Last week Jacques Villeneuve announced he’s returning to race in this year’s Indianapolis 500 for the first time since winning the race 19 years ago.
Villeneuve is 42 and has raced irregularly in recent years in NASCAR stock cars and Australian V8s. He will also do some World Rallycross events this year and says he decided he wanted to race at Indianapolis again because he found the close competition in IndyCar today very attractive.
Many people think Villeneuve is well past his prime and will struggle at Indianapolis this year. It will be his only IndyCar race of the season and he’s likely to have a tough time getting up to speed on the big four-cornered oval.
But Jacques is an optimistic fellow and can take heart from the fact that Bobby and Al Unser scored their last Indy 500 wins in 1981 and ’87 respectively, both at 47 years of age, while Emerson Fittipaldi was 46 when he won his second 500 in 1993.
Of course, Mario Andretti enjoyed one of the sport’s most enduring careers. He scored his 52nd and last Indycar win at Phoenix in 1993 when he was 53 and when he retired from racing Indycars at Laguna Seca in the fall of the following year he was 54 and still entirely capable of running with the leaders.
“Nobody could ever question my desire or my passion for the sport,” Mario says. “At the same time I had enough pride that I wanted to remember my last year and last days in the sport in a positive way. I looked over my shoulder and looked at some of my compadres who overstayed themselves a little bit. I said I just hope I don’t have those memories. That was always my fear and it’s real because your career doesn’t last forever.
“I like to think I accomplished that,” Mario adds. “I was still competitive with any of the young guys. I’m sure that some of it was missing, but not a lot, and that’s part of my satisfaction in my career. My head is high about my last year. I have great memories. I look at the positives and I think the positives far outweigh the negatives.”
What made Mario great
Jim McGee was Andretti’s chief mechanic with Clint Brawner’s Dean Van Lines team during Andretti’s formative days in Indycars between 1964-69. McGee was also Newman/Haas’s team manager for Mario’s last two years in 1993 and ’94.
“I think Mario still could win on the ovals,” McGee adds, “but the road courses get tougher as you get older. They’re physically demanding. You have to use 50 per cent more energy and exuberance on a road course and that sharpness was just going away a little bit. It’s tough to keep up with the young kids, but at Indy, or on an oval, Mario was still going to be a guy to beat. He probably could have continued on for another three or four years on ovals.”
Tony Cicale was Andretti’s engineer at Newman/Haas through the team’s formative years and says the effort Mario put forth never dwindled. “I think when Mario started to decline it was really because he started to lose that remarkable memory of his and he started to lose his eyesight a little bit,” Cicale observes.
“I think it was those things. It was certainly not motivation because he always had as high a motivation as you could ask for and he always put in a huge effort.
“I think when he couldn’t be competitive it wasn’t because his effort was lacking or he wasn’t physically capable of doing it. I think all those little things started to trouble him a little bit and it was much more difficult for him to remain confident in his ability because he sensed deep down I think that these things were slowly and naturally degrading.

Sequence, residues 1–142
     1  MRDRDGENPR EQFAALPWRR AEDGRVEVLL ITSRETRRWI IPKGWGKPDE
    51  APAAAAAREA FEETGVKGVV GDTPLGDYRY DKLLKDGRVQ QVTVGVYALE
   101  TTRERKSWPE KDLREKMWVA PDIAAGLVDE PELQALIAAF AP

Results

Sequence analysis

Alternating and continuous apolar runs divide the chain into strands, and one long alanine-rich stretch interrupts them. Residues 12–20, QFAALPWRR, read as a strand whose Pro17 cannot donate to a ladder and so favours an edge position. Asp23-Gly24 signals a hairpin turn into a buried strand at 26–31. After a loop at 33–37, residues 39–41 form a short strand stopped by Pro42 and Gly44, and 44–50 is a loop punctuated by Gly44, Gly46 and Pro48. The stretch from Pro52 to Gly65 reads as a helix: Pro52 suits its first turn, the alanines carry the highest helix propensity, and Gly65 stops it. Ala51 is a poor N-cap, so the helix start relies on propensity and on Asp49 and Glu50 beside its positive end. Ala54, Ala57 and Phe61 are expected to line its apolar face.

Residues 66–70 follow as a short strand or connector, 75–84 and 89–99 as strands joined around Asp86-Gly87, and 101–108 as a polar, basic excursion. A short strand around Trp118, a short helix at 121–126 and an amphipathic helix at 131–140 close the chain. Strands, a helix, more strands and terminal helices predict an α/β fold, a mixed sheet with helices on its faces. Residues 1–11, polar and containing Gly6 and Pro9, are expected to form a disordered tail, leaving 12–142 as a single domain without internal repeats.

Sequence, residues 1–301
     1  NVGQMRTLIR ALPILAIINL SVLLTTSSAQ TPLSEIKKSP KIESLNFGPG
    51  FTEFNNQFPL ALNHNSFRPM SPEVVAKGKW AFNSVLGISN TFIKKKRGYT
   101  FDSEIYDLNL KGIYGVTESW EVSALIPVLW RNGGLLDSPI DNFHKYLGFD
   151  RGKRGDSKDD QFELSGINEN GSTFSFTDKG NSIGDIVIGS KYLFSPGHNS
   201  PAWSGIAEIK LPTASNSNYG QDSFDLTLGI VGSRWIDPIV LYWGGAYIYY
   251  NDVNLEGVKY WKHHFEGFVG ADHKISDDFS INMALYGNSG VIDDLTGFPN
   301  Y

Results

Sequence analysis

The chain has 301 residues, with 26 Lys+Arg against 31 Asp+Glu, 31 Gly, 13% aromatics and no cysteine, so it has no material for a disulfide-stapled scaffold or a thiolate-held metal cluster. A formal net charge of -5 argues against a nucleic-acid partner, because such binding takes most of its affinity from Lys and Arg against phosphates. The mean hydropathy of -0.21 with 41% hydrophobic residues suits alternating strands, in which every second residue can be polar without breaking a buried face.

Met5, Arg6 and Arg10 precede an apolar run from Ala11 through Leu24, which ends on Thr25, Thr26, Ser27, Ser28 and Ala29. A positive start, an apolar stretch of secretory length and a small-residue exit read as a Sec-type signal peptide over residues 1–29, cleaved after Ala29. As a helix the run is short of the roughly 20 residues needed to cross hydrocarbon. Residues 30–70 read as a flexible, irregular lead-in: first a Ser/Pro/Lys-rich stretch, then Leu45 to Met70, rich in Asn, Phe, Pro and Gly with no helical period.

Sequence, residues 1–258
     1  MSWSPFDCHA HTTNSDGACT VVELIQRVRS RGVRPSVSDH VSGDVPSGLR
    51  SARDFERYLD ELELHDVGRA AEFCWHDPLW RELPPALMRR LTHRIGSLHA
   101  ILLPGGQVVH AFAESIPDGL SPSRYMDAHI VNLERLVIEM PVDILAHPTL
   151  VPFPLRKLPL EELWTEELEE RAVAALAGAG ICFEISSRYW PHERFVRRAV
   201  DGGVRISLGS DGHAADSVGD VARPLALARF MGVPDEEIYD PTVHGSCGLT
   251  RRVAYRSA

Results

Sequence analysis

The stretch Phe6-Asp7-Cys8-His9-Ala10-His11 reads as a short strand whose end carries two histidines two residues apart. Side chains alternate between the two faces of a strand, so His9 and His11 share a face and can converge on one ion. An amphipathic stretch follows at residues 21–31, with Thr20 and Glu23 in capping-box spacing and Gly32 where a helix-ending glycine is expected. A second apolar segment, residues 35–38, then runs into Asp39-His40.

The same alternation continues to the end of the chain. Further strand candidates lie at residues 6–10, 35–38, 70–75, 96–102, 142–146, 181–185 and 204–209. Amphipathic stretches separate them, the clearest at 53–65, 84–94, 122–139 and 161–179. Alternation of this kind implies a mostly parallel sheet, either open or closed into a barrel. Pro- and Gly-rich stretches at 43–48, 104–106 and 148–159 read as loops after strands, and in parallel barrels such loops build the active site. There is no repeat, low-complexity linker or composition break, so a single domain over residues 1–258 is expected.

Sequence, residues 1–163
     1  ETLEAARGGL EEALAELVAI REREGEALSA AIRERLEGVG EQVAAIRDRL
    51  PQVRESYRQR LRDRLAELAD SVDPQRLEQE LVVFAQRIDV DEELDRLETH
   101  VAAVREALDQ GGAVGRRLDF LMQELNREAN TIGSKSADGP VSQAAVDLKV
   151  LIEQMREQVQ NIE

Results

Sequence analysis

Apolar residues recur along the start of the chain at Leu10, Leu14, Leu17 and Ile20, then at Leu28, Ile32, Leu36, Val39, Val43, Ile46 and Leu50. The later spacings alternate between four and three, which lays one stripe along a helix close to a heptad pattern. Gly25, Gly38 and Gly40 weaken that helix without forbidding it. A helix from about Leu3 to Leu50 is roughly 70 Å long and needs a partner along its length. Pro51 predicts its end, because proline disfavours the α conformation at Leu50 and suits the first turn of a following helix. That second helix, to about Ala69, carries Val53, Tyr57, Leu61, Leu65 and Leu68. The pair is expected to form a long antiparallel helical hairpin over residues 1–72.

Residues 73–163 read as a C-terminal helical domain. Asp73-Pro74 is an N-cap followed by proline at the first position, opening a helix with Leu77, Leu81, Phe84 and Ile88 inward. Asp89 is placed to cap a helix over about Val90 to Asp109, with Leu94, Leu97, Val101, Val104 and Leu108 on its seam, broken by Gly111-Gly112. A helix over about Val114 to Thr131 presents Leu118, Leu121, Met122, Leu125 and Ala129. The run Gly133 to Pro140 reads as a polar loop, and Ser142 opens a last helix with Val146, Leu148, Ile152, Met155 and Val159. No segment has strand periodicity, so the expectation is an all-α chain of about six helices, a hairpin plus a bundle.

“I think throughout his prime, his memory was just phenomenal. He could remember any change he’d made in set-up over the years and how each change had affected his car. I think that was a key element in his excellence as a driver.”
Brian Lisles was Newman/Haas’s general manager and engineered Andretti’s cars through the final years of Mario’s career. “I think he was pulling all of the tricks out of the bottom drawer to stay where he needed to be,” Lisles says. “He used all of those skills he had learned and all the things that he understood. I think the reason he was able to go on like that was because he loved it so much. He didn’t ever tire of it.
“I think if you look at most drivers who run in the top echelon in Formula 1 or Indycars, they pretty much do 10 years at the top and that’s about all they can sustain mentally. They’re exhausted with the travel and all the pressures, the press and the expectations, and having to make the big effort for practice, qualifying and the race. But for Mario it was no big effort. It was just what he wanted to do. Driving a racing car was such an important part of his daily activity.
“I only came to realise after working at Newman/Haas for a few years what made Mario extra special. There are two things. One was his absolute love of driving a car, of driving anything mechanical, to use it, to make it work properly and make it flow properly.
“He just has a love for the feel of the machinery – airplanes, cars, motorbikes, motorboats, anything – and making them operate properly and smoothly. He’s very inquisitive mechanically. He wants to know how everything works and how it’s going to affect him, and what he could change to make his life better.
“The second thing is, he was always optimistic that the next change was going to be the one that really made the difference. And that optimism never, ever died. I think in Mario’s view there probably really was no such thing as an ultimately bad racing car.
“He believed if you work at it hard enough you can get it to be competitive. And those are very unusual qualities in a racing driver. There are very few drivers who are willing to make that kind of intellectual effort to just never give up, regardless.”
If Jacques Villeneuve can absorb some of Andretti’s many great qualities he may have a chance to look good at Indianapolis. If not he’s bound, as Dario Franchitti suggests, to eat some humble pie.